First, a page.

Germany 'owes vast sums' to NATO, US for defense

Posted March 20, 2017

The German Chancellor has promised to do her best to spend what Donald Trump calls a "fair share" on North Atlantic Treaty Organisation during her first official meeting with the new US President, despite such commitments somewhat contradicting some senior German officials.

In an exchange caught on video, photographers gathered around Trump and Merkel in the Oval Office and suggested that the two leaders shake hands for the camera. Earlier, she had introduced Mr Trump to bosses from firms like Siemens and BMW, who talked up their American factories and investments.

Merkel, for her part, focused on business from the outset as a centerpiece of her visit. He praised Berlin's leadership role in Afghanistan and in the Ukraine conflict. Over the past decade, USA bases in Germany have mostly benefited America.

Funding for the European military alliance has been a sore spot for Trump, who frequently complained on the campaign trail that Germany and other members have not paid their promised contributions. Another user created a thought bubble over Merkel's head with the caption: "Nobody told me it was bring your daughter to work day".

The obvious exception was Trump's joking comparison of Merkel's surveillance experience, which was real, with his, for which no evidence is known to exist.

The US President also took the opportunity to reject an unfounded report from a Fox News commentator asserting that British intelligence agents were involved in the alleged spying, even though White House officials had assured livid British leaders that they would no longer promote the claim. Her core message to Mr Trump was that real political leadership involves seeking a co-operative solution that leaves everyone ahead, and that global relations do not have to be zero-sum.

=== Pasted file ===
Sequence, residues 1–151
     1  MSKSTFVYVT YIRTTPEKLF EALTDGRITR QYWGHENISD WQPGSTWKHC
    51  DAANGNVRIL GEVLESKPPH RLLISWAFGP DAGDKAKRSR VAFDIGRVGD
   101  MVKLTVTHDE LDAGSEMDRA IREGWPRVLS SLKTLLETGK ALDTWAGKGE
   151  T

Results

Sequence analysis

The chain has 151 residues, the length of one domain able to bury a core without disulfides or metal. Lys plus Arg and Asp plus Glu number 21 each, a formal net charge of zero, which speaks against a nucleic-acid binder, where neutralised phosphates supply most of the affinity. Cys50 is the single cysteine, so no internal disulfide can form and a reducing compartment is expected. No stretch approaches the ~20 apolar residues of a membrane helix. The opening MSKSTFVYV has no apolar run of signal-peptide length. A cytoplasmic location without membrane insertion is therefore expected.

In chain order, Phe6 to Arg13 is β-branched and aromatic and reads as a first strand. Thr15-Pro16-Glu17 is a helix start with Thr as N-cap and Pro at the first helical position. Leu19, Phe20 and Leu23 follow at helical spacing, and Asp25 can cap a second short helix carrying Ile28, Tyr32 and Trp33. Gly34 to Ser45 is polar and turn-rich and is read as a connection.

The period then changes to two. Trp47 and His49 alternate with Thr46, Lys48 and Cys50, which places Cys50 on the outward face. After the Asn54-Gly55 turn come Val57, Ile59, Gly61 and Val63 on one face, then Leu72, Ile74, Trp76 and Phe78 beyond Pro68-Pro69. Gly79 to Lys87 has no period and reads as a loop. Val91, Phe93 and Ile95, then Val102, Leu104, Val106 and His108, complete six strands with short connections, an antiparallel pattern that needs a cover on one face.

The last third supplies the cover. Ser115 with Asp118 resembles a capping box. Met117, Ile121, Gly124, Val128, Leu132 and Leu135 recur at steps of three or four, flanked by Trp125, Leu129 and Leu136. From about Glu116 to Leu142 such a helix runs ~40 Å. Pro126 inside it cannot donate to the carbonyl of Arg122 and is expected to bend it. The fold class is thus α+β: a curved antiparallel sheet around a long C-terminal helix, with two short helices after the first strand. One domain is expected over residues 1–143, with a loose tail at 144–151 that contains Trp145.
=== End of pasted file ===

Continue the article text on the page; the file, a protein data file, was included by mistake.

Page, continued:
But below the surface, things were not as smooth as it seemed.

The leaders are likely to discuss how to reconcile their differing views on migration policy. But that is not entirely accurate since Trump - in a noteworthy and unusual move for a United States president - did not even mention the European Union once in his remarks.

The most awkward moments involved Mr Trump's repeated claims that he was spied on as a candidate by the Obama administration.

"So that's not going to prevent us from concluding agreements and indeed this would then qualify as a bilateral agreement between the European Union and the United States if we had it", she added.

Trump's general rhetoric, for Anderson, was reminiscent "of a language more common of United States administrations prior to 1989 - a language of bilateralism and ledger sheets, on which a balance of interest had to be maintained".

In brushing off the diplomatic row with perhaps America's closest ally, Trump also revived another: the Obama administration's monitoring of German Chancellor Angela Merkel's calls.

She said that while she represents German interests, Mr Trump "stands up for, as is right, American interests". The Obama administration's spying infuriated Germany at the time and risked damaging the US relationship with one of its most important European partners.

That impression was shared by presidential rhetoric scholar Farnsworth. At the start of the news conference, Merkel sought to break the ice, saying that it was "much better to talk to one another than about one another".

Yet the German publication Deutsche Welle points out that "the bar of what to expect from their first meeting [is] rather low, especially given the prior verbal tiffs between them and their different domestic audiences". Quite the opposite, in fact: Hopes remain that the meeting, if nothing else, might help reset the relationship between the two leaders. Merkel's offer to do so was met with an awkward silence that served as a reminder of the deep gulf between their perspectives.